Carved deep into polished granite is a chain of emerald pools that cascade sloping rock. These are the Silver Lake Potholes. Along the Silver Fork of the American River, nature offers guests a feng shui of tranquil water slides and swimming holes. A variety of perfectly placed pines and bouquets of wildflowers add the finishing touch to a spectacular landscape. Massive stone slabs stacked like ancient ruins provide a place for pothole people to relax. If communing with water is your thing, there’s no better place to take a dip than in a Sierra swimming hole.
According to geologists, a pothole is a cylindrical pit formed in the rocky channel of a turbulent stream or river. Eddies gouge the bedrock of the river bottom and form isolated whirlpools. If the water is persistent, the whirlpool will dig irregularities into the rock. This allows further erosion and creates what is known as a pothole. As water flows, sand, pebbles and rock are deposited in the hole and scrape the walls and bottom of the enlarging pothole. Over time, this will enlarge the feature. As the pothole grows, larger stones are carried into it and accelerate erosion. These large stones, which are called abraders, can be carried out by the same spiraling water that carried them in or they can settle to the bottom of the pothole where they remain indefinitely. Centuries of erosion have scoured out a dozen Silver Lake Potholes, including one called the bottomless pit.
In Amador County, water spills from Silver Lake, flows under State Route 88, then becomes the Silver Fork of the American River. A trail meanders about 1 mile through a canopy of conifers and conglomerate rock before dropping into the pothole pools. When temperatures rise and flow from the dam is restricted, water in the potholes warms a bit before rushing out. This is prime time for pothole people.
I dive into the cool river water, swim along the rocky bottom and open my eyes to a sparkling jade paradise. A waterfall rushes down a silver chute as I break the surface. Heavy water pummels my head then shoulders as I wiggle beneath the roaring water. I am officially one of the pothole people.
Summer brings flocks of tourists to the once-secluded potholes. From July through September of 2016 the U.S. Forest Service placed a counter on the two main trails and recorded more than 6,000 pothole people. The potholes are located on Forest Service land, which is open to the public, but the most convenient way to access this section of the river is through El Dorado Irrigation District (EID) property. A few years ago, you could walk the trail from Silver Lake West Campground to the potholes in less than 15 minutes. Now, due to increased popularity, visitors to the potholes are no longer allowed access through or from the campground. Campers, who have paid fees for a site, are required to exit the campground and either walk or drive about 800 yards southwest on State Route 88 to access the trail.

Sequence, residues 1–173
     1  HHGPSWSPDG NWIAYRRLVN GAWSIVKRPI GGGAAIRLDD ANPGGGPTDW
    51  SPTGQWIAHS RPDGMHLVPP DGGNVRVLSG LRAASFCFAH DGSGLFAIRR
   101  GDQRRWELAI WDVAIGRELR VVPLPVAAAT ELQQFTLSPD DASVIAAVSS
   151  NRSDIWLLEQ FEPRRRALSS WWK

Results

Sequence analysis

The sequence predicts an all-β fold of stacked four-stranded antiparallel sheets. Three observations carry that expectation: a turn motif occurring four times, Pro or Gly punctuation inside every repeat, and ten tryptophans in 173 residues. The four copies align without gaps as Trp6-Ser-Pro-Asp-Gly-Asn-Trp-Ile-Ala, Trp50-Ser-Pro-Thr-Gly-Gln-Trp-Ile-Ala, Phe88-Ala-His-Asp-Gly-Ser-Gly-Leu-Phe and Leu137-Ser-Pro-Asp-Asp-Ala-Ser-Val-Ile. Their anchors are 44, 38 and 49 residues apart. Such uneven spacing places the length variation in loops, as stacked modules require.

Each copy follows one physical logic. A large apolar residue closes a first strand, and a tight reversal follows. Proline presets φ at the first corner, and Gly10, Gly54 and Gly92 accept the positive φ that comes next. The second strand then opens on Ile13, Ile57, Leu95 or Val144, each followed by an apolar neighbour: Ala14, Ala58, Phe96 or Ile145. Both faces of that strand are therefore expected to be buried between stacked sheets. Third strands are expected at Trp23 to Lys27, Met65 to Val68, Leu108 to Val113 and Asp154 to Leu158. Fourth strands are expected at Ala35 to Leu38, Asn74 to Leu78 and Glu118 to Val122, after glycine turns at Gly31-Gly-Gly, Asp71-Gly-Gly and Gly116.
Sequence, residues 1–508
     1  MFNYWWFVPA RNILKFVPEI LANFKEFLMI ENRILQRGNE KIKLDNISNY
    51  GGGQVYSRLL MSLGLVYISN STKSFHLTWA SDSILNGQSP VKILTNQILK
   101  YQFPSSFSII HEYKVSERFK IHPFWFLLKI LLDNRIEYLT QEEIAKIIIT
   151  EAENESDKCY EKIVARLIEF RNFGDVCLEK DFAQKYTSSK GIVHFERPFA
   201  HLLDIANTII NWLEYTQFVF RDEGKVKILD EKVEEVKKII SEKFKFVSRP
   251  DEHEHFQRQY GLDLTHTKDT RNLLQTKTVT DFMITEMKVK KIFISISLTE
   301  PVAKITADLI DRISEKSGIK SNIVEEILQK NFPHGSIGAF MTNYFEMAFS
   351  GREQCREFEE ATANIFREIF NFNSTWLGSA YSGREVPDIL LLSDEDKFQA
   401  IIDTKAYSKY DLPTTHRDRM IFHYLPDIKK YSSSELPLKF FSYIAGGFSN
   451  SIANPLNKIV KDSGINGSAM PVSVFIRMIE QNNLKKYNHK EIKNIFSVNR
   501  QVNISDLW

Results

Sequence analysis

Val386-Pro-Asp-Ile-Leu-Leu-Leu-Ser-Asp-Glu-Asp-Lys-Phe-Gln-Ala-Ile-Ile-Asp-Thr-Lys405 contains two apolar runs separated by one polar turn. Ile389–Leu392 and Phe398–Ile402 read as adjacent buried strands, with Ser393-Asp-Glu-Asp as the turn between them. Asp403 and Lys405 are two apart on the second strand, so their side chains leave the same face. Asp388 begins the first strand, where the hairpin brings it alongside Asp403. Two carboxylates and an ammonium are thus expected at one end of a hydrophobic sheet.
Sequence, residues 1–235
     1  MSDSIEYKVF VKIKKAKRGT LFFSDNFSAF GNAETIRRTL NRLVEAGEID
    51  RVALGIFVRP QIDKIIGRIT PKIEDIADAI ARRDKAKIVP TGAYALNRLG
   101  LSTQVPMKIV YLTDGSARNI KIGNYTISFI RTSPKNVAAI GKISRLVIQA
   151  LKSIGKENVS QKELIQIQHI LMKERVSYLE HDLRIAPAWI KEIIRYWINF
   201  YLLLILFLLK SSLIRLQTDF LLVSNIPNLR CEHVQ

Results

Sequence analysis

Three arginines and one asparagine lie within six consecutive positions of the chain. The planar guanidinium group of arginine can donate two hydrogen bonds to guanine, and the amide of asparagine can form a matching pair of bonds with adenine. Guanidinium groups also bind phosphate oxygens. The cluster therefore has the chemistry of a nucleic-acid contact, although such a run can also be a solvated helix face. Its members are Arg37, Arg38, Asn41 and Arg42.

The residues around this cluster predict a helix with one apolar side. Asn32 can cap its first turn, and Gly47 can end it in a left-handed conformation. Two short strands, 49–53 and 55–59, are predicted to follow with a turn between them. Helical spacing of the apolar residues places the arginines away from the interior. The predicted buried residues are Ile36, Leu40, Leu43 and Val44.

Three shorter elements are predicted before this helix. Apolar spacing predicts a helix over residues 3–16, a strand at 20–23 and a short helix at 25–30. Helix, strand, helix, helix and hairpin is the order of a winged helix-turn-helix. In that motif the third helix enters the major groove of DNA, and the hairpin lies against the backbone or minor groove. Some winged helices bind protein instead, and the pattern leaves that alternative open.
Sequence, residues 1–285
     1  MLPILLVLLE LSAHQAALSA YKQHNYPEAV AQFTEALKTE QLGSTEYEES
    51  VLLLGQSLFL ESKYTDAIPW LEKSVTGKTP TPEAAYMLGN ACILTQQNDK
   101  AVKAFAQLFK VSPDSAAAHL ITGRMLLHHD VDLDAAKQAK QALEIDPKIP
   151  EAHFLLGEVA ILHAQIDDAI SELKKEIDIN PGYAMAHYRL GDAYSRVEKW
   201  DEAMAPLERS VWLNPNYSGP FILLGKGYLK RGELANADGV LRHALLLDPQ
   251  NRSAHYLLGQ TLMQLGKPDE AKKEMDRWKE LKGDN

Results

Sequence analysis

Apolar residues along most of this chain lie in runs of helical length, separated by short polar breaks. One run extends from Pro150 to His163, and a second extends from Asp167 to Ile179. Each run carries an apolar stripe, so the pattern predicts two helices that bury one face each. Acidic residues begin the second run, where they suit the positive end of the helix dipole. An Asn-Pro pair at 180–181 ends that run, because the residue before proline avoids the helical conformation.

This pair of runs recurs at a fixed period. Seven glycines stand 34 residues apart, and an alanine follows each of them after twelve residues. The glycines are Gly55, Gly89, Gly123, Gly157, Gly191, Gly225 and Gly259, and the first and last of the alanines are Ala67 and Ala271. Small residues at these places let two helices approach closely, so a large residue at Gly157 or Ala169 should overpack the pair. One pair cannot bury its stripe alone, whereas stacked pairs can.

Currently, EID is in negotiations to create a trailhead on Forest Service property. North of the campground, a deteriorating cattle corral marks a level area that the district believes would work well for trailhead parking and easy access to the potholes.
“The hike from the corrals to the potholes is about 15 to 20 minutes,” says Carl Certiberi, an EID senior park ranger, who spends most of his time in the area. “I’ve been here for six years and the amount of garbage and visitors has definitely increased.”
Certiberi deals with the influx of pothole people and says that during busy weekends, bathrooms become congested with pothole people and campers have had to wait in line sometimes up to 30 minutes.
Carol Ross of Santa Rosa has been camping at Silver Lake West and visiting the potholes for more than 30 years and is disappointed with the district’s elimination of the access from the campground. Ross agrees that the potholes’ popularity has increased, but she hasn’t seen the negative impact.
“I’ve never seen horrible behavior or more garbage. Mostly it’s just families looking to have a nice time,” says Ross as she dunks her feet into a pothole and spooks a crawdad. “I used to skinny dip here, my daughter was married here, this place is very special to me and my family. I feel very threatened by EID limiting access.”
Exploring the primitive potholes is not as complicated as creating a new trailhead. Usually, uncrowded during the week, a visit to the potholes is well worth the 45-minute drive from South Lake Tahoe. Limited parking is available on the west side of the river near the EID access point and at Silver Lake for a fee. The only bathrooms are located at the Silver Lake lot. Parking and walking alongside the highway is not recommended. Access to the potholes is opposite the Silver Lake Dam. | eid.org/recreation/silver-lake